"Sure I've been to every single Super Bowl ever, but I think it's apples and oranges to compare us with these fans who've just been to the Niners' bowls," Jacobson says. "It's apples, bananas and oranges. I don't think of them as lightweights at all. I just think of them as a different kind of fruit."
Rosalie Mello, the 80-year-old president of Stockton's 49ers Gold Rushers fan club, says that first matchup, in Pontiac, Mich., was her favorite. After all, "it was the Niners' first since they started playing at Kezar Stadium in 1946. It was so cold, we couldn't go outside because the lenses would pop out of our eyeglasses.
"But we had a real camaraderie with the Cincinnati fans that you wouldn't find today," says Mello, who still sports her 9ERXVI license plate. "We were like one big family; we'd joke here and there, but nobody bad-mouthed each other."
Getting to that first Super Bowl game was something these veterans will never forget. Mello said then-Vice President George H.W. Bush's motorcade caused a horrendous pre-game traffic jam, forcing some fans to miss the opening kickoff and others to miss, well, a private place to relieve themselves after drinking all morning.
"I remember a lot of the great plays and catches in those games, but just getting to that first bowl was an experience I'll never forget," says Mello, who regrets that declining mobility will prevent her from attending this year's game. "I was so mad at Bush for causing us to miss the first quarter, and I never voted for him for president."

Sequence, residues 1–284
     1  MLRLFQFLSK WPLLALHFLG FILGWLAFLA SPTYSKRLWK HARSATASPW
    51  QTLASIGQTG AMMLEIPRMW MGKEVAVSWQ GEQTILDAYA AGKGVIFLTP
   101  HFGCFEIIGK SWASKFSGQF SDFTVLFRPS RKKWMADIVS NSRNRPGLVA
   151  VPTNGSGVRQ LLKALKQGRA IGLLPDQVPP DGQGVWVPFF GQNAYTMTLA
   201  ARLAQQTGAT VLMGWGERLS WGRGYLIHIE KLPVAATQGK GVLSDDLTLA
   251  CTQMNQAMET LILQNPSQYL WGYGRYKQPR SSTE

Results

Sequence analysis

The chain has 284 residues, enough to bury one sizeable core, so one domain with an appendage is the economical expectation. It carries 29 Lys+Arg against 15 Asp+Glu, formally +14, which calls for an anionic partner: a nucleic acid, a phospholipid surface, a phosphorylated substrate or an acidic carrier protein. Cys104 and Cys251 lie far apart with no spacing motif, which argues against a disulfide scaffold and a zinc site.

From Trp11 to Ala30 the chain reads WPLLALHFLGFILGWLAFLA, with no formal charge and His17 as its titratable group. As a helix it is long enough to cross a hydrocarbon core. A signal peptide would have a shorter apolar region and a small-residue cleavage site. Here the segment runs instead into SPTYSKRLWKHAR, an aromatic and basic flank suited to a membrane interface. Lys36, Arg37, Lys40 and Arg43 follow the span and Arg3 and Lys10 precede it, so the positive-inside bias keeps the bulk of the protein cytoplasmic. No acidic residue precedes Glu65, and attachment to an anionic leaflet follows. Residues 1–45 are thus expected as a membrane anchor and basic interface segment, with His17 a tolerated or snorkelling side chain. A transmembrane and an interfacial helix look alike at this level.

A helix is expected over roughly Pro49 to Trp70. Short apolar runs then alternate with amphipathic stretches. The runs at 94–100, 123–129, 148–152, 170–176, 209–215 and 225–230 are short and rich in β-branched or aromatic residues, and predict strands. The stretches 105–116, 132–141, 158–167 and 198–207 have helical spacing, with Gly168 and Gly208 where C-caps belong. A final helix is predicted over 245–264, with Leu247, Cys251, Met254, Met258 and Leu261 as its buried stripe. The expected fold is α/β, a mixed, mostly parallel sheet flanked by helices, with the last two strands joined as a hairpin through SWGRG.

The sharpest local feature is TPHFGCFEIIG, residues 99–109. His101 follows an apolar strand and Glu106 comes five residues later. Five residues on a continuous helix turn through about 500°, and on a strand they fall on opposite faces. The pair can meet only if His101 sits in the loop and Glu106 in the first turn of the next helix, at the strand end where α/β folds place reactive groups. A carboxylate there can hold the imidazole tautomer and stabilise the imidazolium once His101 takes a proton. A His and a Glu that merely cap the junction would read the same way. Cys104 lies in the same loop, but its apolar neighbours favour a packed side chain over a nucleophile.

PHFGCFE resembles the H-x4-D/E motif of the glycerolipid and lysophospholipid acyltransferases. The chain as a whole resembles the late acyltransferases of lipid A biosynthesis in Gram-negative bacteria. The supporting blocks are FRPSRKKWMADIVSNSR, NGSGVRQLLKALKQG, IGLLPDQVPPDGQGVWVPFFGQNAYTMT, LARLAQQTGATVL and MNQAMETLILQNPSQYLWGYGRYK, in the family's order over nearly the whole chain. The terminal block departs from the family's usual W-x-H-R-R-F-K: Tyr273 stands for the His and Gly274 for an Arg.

The 49ers went on to win that Super Bowl and the four that followed. Yet just as much as the exciting passes and come-from-behind victories, it was something else that made it all so memorable -- that feeling of being part of something bigger than yourself, being an emissary for a huge sprawling family of fans, being a participant in an epic journey.
Belonging to that club is nearly priceless. Which is why Ellen Serpa is bracing herself.
"This is so ingrained in Tony, there's no way he cannot go to every Niners Super Bowl," she says. "And if they keep winning, he'll figure out a way to make that happen, even if it means taking out a second mortgage on our house -- which could happen."
Contact Patrick May at 408-920-5689. Follow him at Twitter.com/patmaymerc.
Three 49ers fans who have been to all five of the team's Super Bowls:
Tony Serpa: A 68-year-old retired San Francisco firefighter living in Pleasant Hill. He hasn't missed a regular-season 49ers home game in more than 40 years. He got two tickets to his sixth Super Bowl from a fellow tailgater, paying face value of $950 each. "He said he could have sold them for more, but since I'd been to all five Super Bowls, he knew this was important to me. He's a really nice guy."
Art Kenney: An assistant fire chief at San Francisco's Station 5 and a 49ers season-ticket holder since 1958. He grew up in the Sunset district, following the 49ers as a kid, then selling programs at Kezar Stadium. "I've been married to my wife 49 years. I put off getting married until after football season and she's still mad about that."
Rosalie Mello: The 80-year-old president of Stockton's 49ers Gold Rushers fan club. Her favorite of the five Super Bowls was the first one, in Pontiac, Mich., even though then-Vice President George H.W. Bush's motorcade caused a huge pre-game traffic backup. "I was so mad at Bush for causing us to miss the first quarter, and I never voted for him for president."